Holding hit-and-run drivers accountable

Holding hit-and-run drivers accountable
Oct 07 2022

Under North Carolina law, if you have been injured due to the negligence of another driver, you can hold that driver liable for your damages through a personal injury lawsuit. But what if you can’t find the negligent driver?

Some North Carolina residents face this difficult question after they have been hurt — or a loved one has been killed — in an accident caused by a hit-and-run driver.

Driver arrested

Recently, the North Carolina Highway Patrol announced that officers had arrested a woman in connection to a hit-and-run accident that left a pedestrian dead. According to news reports, firefighters reported to the scene of a minor car accident near Bladenboro recently. While firefighters were watching, an 18-year-old woman who was involved in the accident stepped out of a vehicle to inspect the damage. While she was standing outside the vehicle, another car struck and killed her. According to police, the driver of that car fled the scene.

A firefighter followed this driver’s car and helped law enforcement to locate the driver. She was arrested and charged with drunk driving offenses and felony hit-and-run.

Tracking down hit-and-run drivers

The recent story helps illustrate some important points. First, under North Carolina law, all drivers have a duty to remain at the scene if they were involved in an accident in which someone was killed or badly injured. Failure to do so can lead to serious charges. In some cases, these can be felony charges, meaning that they carry penalties including more than a year in prison.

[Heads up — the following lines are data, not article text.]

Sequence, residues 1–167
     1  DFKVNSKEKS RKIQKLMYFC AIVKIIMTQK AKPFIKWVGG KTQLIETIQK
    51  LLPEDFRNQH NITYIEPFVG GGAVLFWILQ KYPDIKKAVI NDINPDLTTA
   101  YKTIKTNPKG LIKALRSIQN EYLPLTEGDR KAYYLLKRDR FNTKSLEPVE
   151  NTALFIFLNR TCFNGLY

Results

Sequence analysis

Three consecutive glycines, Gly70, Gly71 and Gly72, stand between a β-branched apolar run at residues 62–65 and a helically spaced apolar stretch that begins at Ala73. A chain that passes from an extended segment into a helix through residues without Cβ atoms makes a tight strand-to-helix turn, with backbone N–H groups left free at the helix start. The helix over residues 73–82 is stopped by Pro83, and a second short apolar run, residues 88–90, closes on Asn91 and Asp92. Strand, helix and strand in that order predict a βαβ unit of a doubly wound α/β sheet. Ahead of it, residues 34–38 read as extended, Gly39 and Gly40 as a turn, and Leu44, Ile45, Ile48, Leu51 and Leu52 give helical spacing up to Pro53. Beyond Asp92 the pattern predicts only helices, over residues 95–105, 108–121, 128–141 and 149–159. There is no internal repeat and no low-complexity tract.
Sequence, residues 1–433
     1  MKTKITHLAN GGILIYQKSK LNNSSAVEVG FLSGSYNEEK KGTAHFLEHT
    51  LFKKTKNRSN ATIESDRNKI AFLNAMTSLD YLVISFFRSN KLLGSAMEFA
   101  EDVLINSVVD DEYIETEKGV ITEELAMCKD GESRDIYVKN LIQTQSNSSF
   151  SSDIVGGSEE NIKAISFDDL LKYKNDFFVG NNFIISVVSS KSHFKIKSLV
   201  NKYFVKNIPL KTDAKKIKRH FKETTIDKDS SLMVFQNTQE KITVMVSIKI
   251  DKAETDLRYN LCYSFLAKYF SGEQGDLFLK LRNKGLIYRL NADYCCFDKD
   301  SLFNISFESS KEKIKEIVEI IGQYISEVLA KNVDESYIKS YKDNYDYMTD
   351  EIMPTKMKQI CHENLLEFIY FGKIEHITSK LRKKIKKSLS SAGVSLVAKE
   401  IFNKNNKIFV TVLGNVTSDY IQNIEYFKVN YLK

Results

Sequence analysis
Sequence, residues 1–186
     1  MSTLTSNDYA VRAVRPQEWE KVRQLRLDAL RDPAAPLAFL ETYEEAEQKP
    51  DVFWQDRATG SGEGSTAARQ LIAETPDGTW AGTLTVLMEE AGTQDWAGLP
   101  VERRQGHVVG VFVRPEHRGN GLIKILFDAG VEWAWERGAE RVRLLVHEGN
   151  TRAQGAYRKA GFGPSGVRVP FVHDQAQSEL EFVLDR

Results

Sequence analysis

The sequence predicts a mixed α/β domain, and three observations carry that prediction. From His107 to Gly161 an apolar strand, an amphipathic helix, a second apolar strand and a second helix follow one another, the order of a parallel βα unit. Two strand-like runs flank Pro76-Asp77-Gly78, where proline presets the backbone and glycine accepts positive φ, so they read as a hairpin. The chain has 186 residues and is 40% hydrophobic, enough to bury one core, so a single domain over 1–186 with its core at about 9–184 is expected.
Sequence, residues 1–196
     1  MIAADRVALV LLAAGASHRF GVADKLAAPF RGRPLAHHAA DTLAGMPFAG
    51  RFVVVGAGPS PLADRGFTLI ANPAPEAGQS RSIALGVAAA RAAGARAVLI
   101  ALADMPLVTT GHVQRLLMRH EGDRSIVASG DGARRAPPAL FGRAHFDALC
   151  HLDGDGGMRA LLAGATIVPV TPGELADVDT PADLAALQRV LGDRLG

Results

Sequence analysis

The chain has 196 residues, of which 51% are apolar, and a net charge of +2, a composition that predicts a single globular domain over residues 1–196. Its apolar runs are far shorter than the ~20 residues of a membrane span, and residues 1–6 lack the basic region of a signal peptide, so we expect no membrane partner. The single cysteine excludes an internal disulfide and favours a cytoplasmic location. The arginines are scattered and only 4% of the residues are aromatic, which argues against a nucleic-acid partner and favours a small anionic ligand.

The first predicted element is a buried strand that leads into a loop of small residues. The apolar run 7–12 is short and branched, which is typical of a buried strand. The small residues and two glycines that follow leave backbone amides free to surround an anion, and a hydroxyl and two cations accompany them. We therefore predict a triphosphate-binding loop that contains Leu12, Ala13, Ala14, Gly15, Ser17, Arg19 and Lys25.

But criminal charges are just part of the story. If police find a hit-and-run driver, the injured or the family members of a person who was killed may hold the driver liable for their damages. These damages may include medical expenses, lost wages, pain and suffering and more. In cases involving a wrongful death, the family’s damages may include loss of future income and companionship.

However, in many instances, the hit-and-run driver is not found. In these cases, the injured may need to rely on their uninsured/underinsured motorist coverage to help them with their expenses related to the accident.

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